Nature conservation

Parks, reserves and protected areas

How wilderness is protected

Wilderness was declared as early as 1982 in NSW but was given greater significance with the enactment of the Wilderness Act 1987.

Significant increases in wilderness protection occurred in the late 1990s and early 2000s as an outcome of the Regional Forest Agreements processes undertaken at that time. By 2010, the state's declared wilderness reached some two million hectares, which is approximately 2.5 per cent of NSW and 30 per cent of all OEH reserves.

In 1996, the Government established the Dunphy Wilderness Fund to acquire private land to consolidate and protect wilderness areas. The Fund was established in honour of Myles Dunphy (1891-1985), a tireless advocate of the wilderness cause.

From 1996 to 2006 the Government contributed $11 million to the Dunphy Wilderness Fund to acquire 60 freehold and leasehold properties covering 70,000 hectares of land with wilderness values. The fund was administered by environmental non-government organisations (NGOs) and Office of Environment and Heritage (OEH). NGOs raised $1.5 million in public donations in support of the program. Purchases through the fund included very large and iconic properties, 'keyhole' properties within reserves and crucial links between isolated reserves, particularly along the Great Dividing Range.

The acquisition of private and leasehold land with wilderness values is now part of OEH's general land acquisition program, although donations can still be made to various NGOs to support wilderness protection, such as:

Proposing, assessing and identifying wilderness

The NSW Wilderness Act 1987 provides the legislative framework for the nomination, assessment, identification and declaration of wilderness and its subsequent management. The Act is administered by the Office of Environment and Heritage (OEH).

Wilderness cannot be declared over freehold or Crown leasehold land, even if it is identified as having wilderness qualities, without the formal written consent of the occupiers.

The Wilderness Act allows for any person or group to submit a written proposal, or nomination, to OEH suggesting an area of land be identified as wilderness, declared to be a wilderness area or added to an existing wilderness area.

If OEH considers the proposed area warrants assessment, the lands are assessed to determine whether they meet the criteria set down in the Wilderness Act. Not all lands are required to be 'pristine' to be identified as wilderness - small areas of land capable of restoration can be included.

It is also possible for OEH to initiate proposals and assess areas independent of any public proposal.

If the area is found to meet the defined criteria for wilderness, it is identified in a wilderness assessment report, which is placed on public exhibition and comments from the community are invited.

Some lands are excluded from wilderness nomination, identification and declaration. These are lands covered by Integrated Forest Operations Approvals issued under the Forestry and National Park Estate Act 1998 and lands covered by the Brigalow and Nandewar Community Conservation Area Act 2005.

How does wilderness identification affect landholders?

Wilderness identification:

  • does not prevent a property from being sold
  • has no influence on how private property is managed or on land management activities such as grazing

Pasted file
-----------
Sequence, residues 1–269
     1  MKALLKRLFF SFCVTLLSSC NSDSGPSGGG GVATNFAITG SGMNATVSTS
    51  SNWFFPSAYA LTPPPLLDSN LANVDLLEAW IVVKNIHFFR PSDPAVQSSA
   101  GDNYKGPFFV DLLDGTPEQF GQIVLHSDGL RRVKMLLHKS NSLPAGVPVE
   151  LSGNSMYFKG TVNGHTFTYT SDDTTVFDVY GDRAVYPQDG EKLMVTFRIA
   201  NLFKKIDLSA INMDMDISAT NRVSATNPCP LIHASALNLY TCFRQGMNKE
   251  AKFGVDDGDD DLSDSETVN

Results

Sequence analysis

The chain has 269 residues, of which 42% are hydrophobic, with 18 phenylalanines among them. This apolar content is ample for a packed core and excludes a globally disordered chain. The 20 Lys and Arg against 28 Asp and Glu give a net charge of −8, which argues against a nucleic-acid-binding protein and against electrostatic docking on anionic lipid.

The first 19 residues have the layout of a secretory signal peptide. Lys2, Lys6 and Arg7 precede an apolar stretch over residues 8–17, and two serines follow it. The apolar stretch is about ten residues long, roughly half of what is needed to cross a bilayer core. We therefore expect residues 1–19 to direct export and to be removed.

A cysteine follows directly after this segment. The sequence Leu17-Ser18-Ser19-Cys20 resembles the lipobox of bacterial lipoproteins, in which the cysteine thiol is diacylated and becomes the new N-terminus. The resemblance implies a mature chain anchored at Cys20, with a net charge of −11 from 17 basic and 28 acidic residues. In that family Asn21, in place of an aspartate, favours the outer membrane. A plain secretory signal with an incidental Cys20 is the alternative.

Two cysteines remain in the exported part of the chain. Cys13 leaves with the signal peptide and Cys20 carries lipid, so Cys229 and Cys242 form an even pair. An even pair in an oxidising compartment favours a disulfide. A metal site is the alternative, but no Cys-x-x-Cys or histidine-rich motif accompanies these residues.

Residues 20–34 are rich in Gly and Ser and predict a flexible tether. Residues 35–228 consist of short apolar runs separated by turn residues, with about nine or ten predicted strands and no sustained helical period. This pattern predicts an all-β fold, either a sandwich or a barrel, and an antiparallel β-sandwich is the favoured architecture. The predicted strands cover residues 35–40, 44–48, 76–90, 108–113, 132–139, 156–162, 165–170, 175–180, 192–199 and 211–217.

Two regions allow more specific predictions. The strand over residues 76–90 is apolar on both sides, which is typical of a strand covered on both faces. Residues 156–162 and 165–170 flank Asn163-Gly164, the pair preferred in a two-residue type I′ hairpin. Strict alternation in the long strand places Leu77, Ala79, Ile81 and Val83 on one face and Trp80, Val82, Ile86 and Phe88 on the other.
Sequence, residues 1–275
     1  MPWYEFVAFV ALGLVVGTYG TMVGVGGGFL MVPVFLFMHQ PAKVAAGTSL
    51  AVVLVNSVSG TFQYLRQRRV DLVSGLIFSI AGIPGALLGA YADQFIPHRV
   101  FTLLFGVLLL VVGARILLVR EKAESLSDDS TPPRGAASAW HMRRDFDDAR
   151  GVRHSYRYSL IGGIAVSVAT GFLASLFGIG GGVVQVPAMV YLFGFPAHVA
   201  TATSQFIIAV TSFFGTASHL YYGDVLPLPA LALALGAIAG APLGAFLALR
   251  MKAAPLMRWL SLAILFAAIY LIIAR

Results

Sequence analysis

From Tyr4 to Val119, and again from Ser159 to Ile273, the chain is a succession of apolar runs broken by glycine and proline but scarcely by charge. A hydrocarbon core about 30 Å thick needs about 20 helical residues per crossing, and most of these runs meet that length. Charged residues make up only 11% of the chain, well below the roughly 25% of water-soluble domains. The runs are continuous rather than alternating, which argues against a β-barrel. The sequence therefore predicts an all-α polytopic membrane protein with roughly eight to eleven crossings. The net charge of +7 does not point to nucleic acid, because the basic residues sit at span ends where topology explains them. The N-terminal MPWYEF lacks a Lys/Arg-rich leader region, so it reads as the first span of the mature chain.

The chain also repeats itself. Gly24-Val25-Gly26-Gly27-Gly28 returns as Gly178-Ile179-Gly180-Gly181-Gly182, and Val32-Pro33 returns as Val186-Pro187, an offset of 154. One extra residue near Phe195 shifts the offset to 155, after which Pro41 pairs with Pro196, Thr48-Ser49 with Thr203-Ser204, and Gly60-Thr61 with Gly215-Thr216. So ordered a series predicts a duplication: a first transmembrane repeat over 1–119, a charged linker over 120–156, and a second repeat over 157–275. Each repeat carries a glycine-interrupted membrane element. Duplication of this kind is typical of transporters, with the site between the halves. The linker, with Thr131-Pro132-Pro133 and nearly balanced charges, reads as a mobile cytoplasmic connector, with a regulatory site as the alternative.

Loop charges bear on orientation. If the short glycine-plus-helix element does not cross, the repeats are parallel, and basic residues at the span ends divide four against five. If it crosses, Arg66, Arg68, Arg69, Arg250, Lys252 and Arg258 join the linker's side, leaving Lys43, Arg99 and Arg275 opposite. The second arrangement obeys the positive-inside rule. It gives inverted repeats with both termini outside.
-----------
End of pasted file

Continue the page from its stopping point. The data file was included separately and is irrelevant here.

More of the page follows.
• does not restrict the existing legal access to, or use of, private or leasehold land by its occupiers
  • does not have to be identified on a Section 149 certificate unless specified by the local council. Section 149 certificates are issued by local councils under the Environmental Planning and Assessment Act 1979 (EP&A Act) and provide information about the zoning of a property and relevant planning controls that apply to it. (contact your local council for more details)
  • is not considered by the State Valuer's Office when undertaking a property valuation. The State Valuer's Office advises that wilderness is not attached to property title and no allowance is made in the valuation for any special value OEH may place on the land.

Documents to download

Wilderness Assessment Guidelines
See further detailed information on OEH's wilderness assessment process.

Curracabundi Wilderness Assessment
This assessment centred on a group of national parks and reserves on the north coast of NSW between Gloucester and Walcha and identified some 38,500 ha as wilderness.

Declaring wilderness

Following public exhibition of a wilderness assessment report, OEH uses social, economic, reserve design and management factors to determine which parts of the identified wilderness will be recommended to the Minister for declaration as wilderness.

OEH then prepares a wilderness declaration report recommending areas to be declared as wilderness and suggesting boundaries. This report is submitted to the Minister with responsibility for the Wilderness Act, who has the authority to make the declaration.

Managing declared wilderness

Declared wilderness must be managed in a way that maintains its wilderness values as set out in Section 9 of the Wilderness Act 1987. Nearly all declared wilderness is within the national parks system and is managed by OEH. The aim is to protect these large natural areas, the functioning of their ecosystems, and their processes of evolution with a minimum of human interference.

Pest animal control, weed control and bushfire management all occur as part of wilderness management. Where possible, management strategies that minimise the side effects or unintended effects on wilderness values are employed.

Page last updated: 13 October 2017